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Tucson Weekly Countdown To Chaos?

Will Old-Fashioned Shoe Leather Plus Fancy Mathematics Ensure An Accurate Census Count For Tucson?

By Dave Devine

MAY 10, 1999:  THE U.S. Constitution mandates that every 10 years a census be conducted which counts "the whole number of persons in each State." But in a country approaching 300 million people, or even in a city the size of Tucson, is that realistic?

For decades some cities have complained the census undercounts their populations. These complaints are especially important because decisions on the distribution of huge sums of federal tax dollars, along with Congressional apportionment, are made based on local population figures.

These complaining communities usually have large minority populations, which traditionally have been less likely to participate. They also rank high in the number of homeless people, who are difficult to count, and host high numbers of people in the country illegally who are often afraid to be counted.

Tucson, of course, could be the poster child for these communities. It has all of these populations in large numbers and thus has a big stake in how Census 2000 will be conducted.

The U.S. Census Bureau believes it can reliably count up to 90 percent of the population. It expects two-thirds of the households which receive mailed census forms next March to return them, and Census 2000 workers will then try to contact those who haven't responded.

But getting that last 10 percent of the population to reply is where problems arise. To address the issue of undercounting, the Census Bureau some time ago proposed using a nationwide sampling technique of 750,000 households to verify its figures. But the U.S. Supreme Court struck down that idea.

For federal funding distribution purposes, the agency now wants to re-interview 300,000 households after the original census. Local communities would then be given the choice of selecting the first "head count" number or the second, revised figure as its population.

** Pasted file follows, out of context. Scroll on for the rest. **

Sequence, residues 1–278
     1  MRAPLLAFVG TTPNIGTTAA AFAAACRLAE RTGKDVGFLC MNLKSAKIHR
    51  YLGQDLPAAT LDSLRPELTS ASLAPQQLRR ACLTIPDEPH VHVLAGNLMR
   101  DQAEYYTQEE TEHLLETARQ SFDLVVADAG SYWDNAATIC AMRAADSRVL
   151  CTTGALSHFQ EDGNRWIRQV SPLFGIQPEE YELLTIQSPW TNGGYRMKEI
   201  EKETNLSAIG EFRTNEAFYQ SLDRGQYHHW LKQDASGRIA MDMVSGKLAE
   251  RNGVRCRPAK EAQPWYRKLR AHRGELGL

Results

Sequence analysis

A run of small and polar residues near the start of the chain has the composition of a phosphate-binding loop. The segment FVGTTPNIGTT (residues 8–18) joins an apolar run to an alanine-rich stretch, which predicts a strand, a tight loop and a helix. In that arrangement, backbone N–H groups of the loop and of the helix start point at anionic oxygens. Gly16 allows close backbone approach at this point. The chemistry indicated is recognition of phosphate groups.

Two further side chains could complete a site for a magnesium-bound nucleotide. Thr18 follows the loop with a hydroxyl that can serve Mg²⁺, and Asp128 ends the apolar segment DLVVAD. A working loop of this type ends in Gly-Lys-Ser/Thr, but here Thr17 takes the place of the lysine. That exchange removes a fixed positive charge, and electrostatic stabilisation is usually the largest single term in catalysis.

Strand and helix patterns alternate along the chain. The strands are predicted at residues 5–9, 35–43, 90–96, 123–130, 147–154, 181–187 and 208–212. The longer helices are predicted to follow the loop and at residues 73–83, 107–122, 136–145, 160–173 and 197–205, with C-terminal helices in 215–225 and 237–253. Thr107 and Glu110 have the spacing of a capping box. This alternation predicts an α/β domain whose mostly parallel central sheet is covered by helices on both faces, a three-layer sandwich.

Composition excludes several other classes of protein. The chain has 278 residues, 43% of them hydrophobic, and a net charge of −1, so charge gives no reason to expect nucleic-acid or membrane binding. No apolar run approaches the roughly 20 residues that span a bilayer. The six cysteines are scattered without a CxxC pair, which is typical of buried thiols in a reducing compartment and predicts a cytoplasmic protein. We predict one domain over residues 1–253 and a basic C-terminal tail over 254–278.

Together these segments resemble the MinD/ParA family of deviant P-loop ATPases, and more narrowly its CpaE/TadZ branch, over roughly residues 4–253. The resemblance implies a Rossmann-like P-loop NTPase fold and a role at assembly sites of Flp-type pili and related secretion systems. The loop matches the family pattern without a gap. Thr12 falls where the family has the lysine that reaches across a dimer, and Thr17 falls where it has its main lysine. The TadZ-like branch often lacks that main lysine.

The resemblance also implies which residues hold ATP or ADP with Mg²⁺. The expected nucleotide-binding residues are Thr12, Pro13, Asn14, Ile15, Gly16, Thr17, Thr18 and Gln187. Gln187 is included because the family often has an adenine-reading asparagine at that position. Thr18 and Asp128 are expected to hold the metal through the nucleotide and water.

But that approach still leaves unanswered the question of how to accurately count everyone. Adolfo Echeveste, manager of the Census Bureau's South Phoenix office, which includes the Tucson area, says they're using a number of initiatives to address the undercounting problem.

These efforts include encouraging historically undercounted groups, like Native Americans, to be involved in the census planning processs. Echeveste also says school programs will promote the importance of the population count.

Meanwhile in Washington, D.C., the method of counting people next year has become a political football. Republicans are supporting the concept of a 100 percent head count, while Democrats favor using sampling to ensure more accurate figures. Republicans are charged with trying to exclude those mostly poor and minority populations which are traditionally left out, while Democrats are accused of trying to establish a counting system which could be politically manipulated.

Tucson Republican Congressman Jim Kolbe wants to see the exclusive head count approach retained because he doesn't believe in the impartiality of sampling. He thinks there could be possibilities for abuse. But he doesn't have a solution for the undercounting problems which have plagued Tucson in the past.

Republican Senator John McCain is also concerned about the potential for a Tucson undercount again. But like Kolbe, he doesn't offer solutions.

While the political bickering continued, 184 hastily trained temporary Census Bureau employees recently were sent out across Pima County. Their job was to verify addresses supplied by the Post Office as one early step in preparing for Census 2000.

These people learned a lesson about the Census Bureau during their three-day training period: it's very sensitive about its public image. One class heard a plea to forward any press contacts to the appropriate public relations people. This request was made while a self-identified writer for The Weekly sat in the room.

That writer was later asked to show his story to Census Bureau officials before it was printed so they could verify that confidentiality rules had not been violated. The writer pointed out that would be censorship, something else addressed in the Constitution.

The goal of the address verification process was to ensure the accuracy of the mailing list on which much of next year's head count depends. Echeveste of the Census Bureau believes the revised mailing list may be up to 99 percent accurate.

But those who scoured Tucson's neighborhoods in March encountered several problems in addition to security doors without doorbells coming as standard operating equipment on many homes. Some found the central city area dotted with housing units which have no addresses because the structures were built without building permits, or because different households share a mailbox. They also found that despite their best efforts, it was impossible to identify all of these units. Which means some people in Tucson might not even get a census form next year.

These short-term employees were also hamstrung by constantly changing directions about how to do their jobs. They had to deal with personal squabbles between their immediate supervisors and Census Bureau higher-ups. In addition, the initial address information they were given was often confusing and far from accurate.

Despite these problems, the process toward mailing out census forms next March continues on. It's safe to assume that Tucson officials will complain about having an undercounted population when figures are released in a few years.


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